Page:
"The recommendation by the task force should have an impact on the latter — screening by palpation — but on the other hand, palpation of necks has been part of what doctor believe is a 'good' physical exam," Dr Brito noted. "Telling doctors that physical exam is not always a good idea, and that it may be harmful, is not a very popular recommendation."

Therefore, the new USPSTF recommendation will affect the rate of thyroid cancer diagnosis and overdiagnosis only if clinicians stop screening with palpation, as other small papillary thyroid cancers will be picked up incidentally by imaging techniques, he argues.

"For patients with no symptoms but high risk of cancer, screening for thyroid cancer should be discussed with patients in a way they understand the potential benefits and harms," he added.

Another expert agreed that it would be problematic to ask physicians not to palpate the neck and throat of a patient during a physical exam.

"The USPSTF recommendations make sense except that palpation of the neck is part of a routine exam," said Neil Hockstein, MD, director of Head and Neck Multidisciplinary Center at the Helen F. Graham Cancer Center & Research Institute at Christiana Care, New Castle, Delaware. He was also not involved with the Task Force and was approached for comment.

"Neck palpation is generally not performed to specifically screen for thyroid cancer," he told Medscape Medical News.

The throat and neck are checked to assess for a wide range of disorders. "You want to check the lymph nodes, or assess for thyromegaly," he noted. "So if there is a recommendation not to examine patients, that can be controversial. That really would not fit with clinical practice."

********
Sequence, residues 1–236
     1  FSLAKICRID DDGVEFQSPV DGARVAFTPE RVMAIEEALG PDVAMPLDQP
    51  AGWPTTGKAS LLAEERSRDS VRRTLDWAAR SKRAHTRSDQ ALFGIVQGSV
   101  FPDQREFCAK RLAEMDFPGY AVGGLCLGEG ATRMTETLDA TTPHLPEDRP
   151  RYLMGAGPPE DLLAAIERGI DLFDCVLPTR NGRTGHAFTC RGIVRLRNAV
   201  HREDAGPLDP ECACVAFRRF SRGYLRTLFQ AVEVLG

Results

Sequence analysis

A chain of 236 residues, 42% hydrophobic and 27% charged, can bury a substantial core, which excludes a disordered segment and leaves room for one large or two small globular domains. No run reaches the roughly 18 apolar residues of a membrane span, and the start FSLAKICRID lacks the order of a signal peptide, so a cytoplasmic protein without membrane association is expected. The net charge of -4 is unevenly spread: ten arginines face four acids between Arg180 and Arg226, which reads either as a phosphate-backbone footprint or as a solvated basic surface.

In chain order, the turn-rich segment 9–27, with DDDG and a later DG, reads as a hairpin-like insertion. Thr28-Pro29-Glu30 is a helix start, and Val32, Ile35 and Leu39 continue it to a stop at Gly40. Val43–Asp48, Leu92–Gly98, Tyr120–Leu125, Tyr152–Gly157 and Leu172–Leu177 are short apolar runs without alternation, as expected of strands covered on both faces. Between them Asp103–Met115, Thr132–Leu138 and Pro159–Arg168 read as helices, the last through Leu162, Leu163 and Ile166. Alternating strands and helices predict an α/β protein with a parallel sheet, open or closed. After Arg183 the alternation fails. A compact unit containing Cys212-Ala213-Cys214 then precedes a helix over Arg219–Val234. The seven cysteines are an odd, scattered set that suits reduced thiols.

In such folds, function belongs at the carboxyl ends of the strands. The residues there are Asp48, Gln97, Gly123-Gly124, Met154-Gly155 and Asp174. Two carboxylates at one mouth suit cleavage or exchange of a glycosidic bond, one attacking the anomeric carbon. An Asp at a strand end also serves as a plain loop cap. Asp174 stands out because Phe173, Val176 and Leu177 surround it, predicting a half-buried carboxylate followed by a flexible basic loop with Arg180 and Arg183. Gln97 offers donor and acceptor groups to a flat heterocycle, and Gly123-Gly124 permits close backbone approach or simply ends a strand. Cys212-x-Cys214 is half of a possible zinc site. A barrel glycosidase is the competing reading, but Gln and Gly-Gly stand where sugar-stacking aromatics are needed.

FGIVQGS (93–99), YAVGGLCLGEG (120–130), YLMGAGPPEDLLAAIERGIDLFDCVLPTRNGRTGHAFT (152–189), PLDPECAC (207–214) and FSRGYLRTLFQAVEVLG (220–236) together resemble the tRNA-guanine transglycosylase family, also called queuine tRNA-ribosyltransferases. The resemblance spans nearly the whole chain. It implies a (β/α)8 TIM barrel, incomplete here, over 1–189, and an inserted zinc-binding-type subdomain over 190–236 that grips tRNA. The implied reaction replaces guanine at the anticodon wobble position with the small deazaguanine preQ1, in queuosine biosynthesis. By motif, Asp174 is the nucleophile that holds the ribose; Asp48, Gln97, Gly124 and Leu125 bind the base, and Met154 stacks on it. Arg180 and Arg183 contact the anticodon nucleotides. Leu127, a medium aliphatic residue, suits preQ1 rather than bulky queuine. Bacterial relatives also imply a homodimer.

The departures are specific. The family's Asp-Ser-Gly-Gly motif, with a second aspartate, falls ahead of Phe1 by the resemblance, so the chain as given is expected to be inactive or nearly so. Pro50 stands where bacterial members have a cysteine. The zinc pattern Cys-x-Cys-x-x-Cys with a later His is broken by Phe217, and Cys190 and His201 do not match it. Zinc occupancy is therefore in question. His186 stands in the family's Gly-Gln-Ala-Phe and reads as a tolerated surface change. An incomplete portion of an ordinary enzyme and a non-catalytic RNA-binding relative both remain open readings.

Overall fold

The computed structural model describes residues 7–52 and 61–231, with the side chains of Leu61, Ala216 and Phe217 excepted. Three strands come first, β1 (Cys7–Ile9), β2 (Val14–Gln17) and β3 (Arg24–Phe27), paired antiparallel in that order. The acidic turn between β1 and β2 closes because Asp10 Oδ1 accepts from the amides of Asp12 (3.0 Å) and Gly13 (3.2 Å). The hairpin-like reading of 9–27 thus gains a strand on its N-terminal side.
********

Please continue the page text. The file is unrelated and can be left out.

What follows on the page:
He reiterated that patients are not routinely screened by ultrasonography for thyroid cancer, and doctors would agree that it's not good practice in the absence of any symptoms.

Dr. Hockstein added that the guidelines are therefore "filling a void that doesn't exist by adding in palpation."

Other Recommendations

The USPSTF updated recommendations are in line with current clinical guidelines. They note that routine thyroid screening is not specifically recommended by any professional society or organization.

The American Cancer Society does not recommend screening for thyroid cancer by using palpation, and the American Academy of Family Physicians recommended against screening for thyroid cancer by using ultrasonography in asymptomatic individuals.

The Canadian Task Force on the Periodic Health Examination does not include examining the thyroid in its updated Preventive Care Checklist Form. The American Association of Clinical Endocrinologists, American College of Endocrinology, and Associazione Medici Endocrinologi issued guidelines this year diagnosing and managing thyroid nodules, but there are no recommendations for routine screening in the general population.

The 2015 guidelines from the American Thyroid Association for managing thyroid nodules and differentiated thyroid cancer in adults also do not address routine population-based screening. However, they do state that there is insufficient evidence to support screening individuals who have a family history of follicular cell-derived differentiated thyroid cancer.

Therefore, to date, South Korea appears to be the only country in the world that regularly screens asymptomatic individuals y using ultrasonography.

The draft recommendation is open for public comment until December 26, and the draft recommendation statement and draft evidence review have been posted on the USPSTF website.

Comments can be submitted at

Dr Brito and Dr Hockstein have disclosed no relevant financial relationships. None of the investigators involved in the recommendations has any affiliations or financial involvement that conflicts with the material presented in this report.